To conclude, an effective price floor has the following effects: 1. The market price increases. 2. A surplus or excess supply is created. 3. The quantity transacted decreases. 4. Producers’ total revenue (or consumers’ total expenditure) may increase, decrease or remain unchanged. This depends on the elasticity of demand between the original equilibrium price and the minimum price.

Test yourself 6.5 Suppose the equilibrium price of a return air ticket between Hong Kong and London is \$10,000. If the government does not allow airline companies to sell the air ticket for less than \$15,000, what effects will this have on the price and quantity transacted of air tickets? What will happen to the total revenue of airline companies?

Test yourself 6.5 (con’t) Answer:
The price of air tickets will increase to \$15,000. The quantity transacted of air tickets will The total revenue of airline companies may increase, decrease or remain unchanged, depending on the decrease price elasticity of demand S D 10,000 15,000 Q1 Q2 Minimum price Price (\$ / unit) Quantity (units / period)

C. How to deal with the surplus that results from a price floor
Due to the excess supply under a effective price floor, sellers have to compete with each other by 1. non-price competition; or/and 2. price competition.

C. How to deal with the surplus that results from a price floor
1. Non-price competition among sellers Sellers may need to meet certain criteria or use other means to sell their good, including a. Improving the quality of goods; b. Providing extra gifts or services; c. other criteria, such as buyers’ preference, friendship, seniority, height, strength, etc. For example, when a minimum wage is imposed, workers (especially the low-skilled) have to invest more resources to acquire more skills, e.g., attending training courses.

C. How to deal with the surplus that results from a price floor
2. Price competition among sellers a. Extra fees Sellers may be asked to pay buyers (or middlemen) legally or illegally an extra fee in order to have priority over others in selling their goods.

C. How to deal with the surplus that results from a price floor
2. Price competition among sellers b. Illegal price cutting (or illegal price concession) Suppliers may sell their goods at prices lower than the legal minimum. In the previous example, suppliers are willing to sell illegally at \$2 per unit when the quantity transacted is 8 units. P S 5 Surplus 4 Price floor 3 2 1 D Q 4 8 12 16 20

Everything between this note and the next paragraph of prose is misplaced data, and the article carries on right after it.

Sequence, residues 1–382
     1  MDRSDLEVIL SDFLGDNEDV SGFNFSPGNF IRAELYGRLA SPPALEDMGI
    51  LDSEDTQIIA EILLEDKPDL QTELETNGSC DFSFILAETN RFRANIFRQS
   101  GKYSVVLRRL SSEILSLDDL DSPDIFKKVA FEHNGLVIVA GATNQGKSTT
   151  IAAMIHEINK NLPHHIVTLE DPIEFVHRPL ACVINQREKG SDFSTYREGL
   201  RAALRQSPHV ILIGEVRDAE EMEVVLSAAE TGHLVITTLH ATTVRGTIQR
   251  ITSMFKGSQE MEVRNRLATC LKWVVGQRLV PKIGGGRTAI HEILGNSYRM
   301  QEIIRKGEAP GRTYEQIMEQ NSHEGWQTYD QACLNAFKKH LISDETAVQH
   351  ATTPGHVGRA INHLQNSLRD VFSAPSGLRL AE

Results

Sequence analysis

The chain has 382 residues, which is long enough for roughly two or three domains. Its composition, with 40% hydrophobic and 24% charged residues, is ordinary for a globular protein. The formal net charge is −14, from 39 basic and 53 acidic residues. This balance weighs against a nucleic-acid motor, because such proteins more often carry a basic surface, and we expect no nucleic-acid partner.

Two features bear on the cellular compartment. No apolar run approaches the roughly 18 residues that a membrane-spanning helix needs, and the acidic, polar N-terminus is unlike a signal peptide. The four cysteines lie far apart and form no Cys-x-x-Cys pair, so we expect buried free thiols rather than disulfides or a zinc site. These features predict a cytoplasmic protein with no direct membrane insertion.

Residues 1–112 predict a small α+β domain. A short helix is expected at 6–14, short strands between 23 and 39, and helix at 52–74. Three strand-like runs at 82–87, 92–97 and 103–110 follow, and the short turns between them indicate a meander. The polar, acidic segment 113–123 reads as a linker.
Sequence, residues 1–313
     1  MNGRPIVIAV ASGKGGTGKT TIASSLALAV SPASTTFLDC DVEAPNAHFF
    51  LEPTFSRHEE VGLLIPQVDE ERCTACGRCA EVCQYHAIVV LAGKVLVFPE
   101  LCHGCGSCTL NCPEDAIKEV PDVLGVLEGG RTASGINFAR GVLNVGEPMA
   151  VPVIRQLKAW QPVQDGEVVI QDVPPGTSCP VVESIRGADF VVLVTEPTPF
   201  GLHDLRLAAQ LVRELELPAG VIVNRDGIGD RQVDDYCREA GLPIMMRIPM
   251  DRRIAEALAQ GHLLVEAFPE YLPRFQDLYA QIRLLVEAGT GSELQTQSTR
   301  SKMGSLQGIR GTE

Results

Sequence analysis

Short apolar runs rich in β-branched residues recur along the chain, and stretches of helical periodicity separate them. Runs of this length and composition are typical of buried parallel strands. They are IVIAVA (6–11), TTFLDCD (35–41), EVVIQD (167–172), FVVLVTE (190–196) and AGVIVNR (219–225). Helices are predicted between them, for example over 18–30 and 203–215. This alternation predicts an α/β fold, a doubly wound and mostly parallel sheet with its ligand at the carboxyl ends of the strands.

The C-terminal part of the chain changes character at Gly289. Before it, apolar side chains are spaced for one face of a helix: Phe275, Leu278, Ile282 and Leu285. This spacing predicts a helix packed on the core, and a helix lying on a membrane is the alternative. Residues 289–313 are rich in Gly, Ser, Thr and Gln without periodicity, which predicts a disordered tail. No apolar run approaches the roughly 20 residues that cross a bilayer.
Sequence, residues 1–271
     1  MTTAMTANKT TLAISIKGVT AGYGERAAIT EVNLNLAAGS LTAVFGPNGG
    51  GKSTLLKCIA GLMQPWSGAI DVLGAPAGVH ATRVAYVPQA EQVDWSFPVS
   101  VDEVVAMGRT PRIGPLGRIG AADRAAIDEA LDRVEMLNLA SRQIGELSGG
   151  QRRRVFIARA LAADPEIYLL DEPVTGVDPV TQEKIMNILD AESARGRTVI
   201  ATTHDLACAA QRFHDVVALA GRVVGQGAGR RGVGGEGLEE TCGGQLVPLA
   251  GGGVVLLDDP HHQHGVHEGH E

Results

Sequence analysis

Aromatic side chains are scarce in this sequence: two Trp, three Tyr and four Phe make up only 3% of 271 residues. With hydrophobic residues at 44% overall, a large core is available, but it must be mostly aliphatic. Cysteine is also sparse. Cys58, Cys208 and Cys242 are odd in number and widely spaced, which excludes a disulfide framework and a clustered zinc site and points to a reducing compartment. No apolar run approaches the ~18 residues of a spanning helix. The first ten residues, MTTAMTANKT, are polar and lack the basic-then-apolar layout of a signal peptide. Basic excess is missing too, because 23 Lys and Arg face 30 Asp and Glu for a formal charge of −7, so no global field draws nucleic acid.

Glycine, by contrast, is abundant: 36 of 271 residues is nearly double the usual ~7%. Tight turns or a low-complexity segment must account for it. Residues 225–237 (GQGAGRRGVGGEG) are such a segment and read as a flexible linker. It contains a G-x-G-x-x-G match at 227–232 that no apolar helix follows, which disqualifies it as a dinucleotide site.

Learning tips 6.3 Ineffective price floor
A price floor is ineffective when it is imposed below the equilibrium price. Pe Q P S D P1 Price floor Qe  No effect on the price, quantity transacted and total revenue  No excess supply Total revenue

Test yourself 6.6 Based on the following diagrams, indicate the price, quantity transacted and total revenue after the imposition of a price floor. a. b. P P S S P0 Price floor P1 P1 P0 Price floor D D Q Q Q0 Q1 Q2 Q0 Q1 Q2

Test yourself 6.7 With reference to ‘Learning tips 6.2’, explain how the change in demand or supply affects the effectiveness of price floor.

Test yourself 6.7 (con’t) Answer:
When there is an increase in demand or a decrease in supply, the price floor will become ineffective if the new equilibrium price is higher than the minimum price imposed. This can be caused by: (a) A increase in demand (b) A decrease in supply P P S2 S S1 Pe Pe Price floor Price floor P1 P1 D2 D1 D Q Q Q1 Qe Qe Q1

Economics at work 6.2 Exploitation of workers under the minimum wage
The minimum wage law was implemented in Hong Kong on 1 May After the implementation, cases of worker exploitation, especially of older workers, were occasionally discovered. Excess supply of labour exists in some industries. Employers tend to hire younger workers with more skills and higher productivity. To avoid losing their jobs to younger workers, some older and low-skilled workers are forced to accept wages that are lower than the statutory minimum level.

Economics at work 6.2 (con’t) Exploitation of workers under the minimum wage

Test yourself 6.8 Can a minimum wage law help low-wage, unskilled workers in Hong Kong to earn a larger total income? Explain with the aid of a diagram. Answer: A minimum wage will raise / reduce employment of workers. Workers who can still secure employment after the introduction of the minimum wage would benefit / suffer from the higher / lower wage rate. P1 Q P S D1 Pe Minimum wage Qe Q1 Q2 Surplus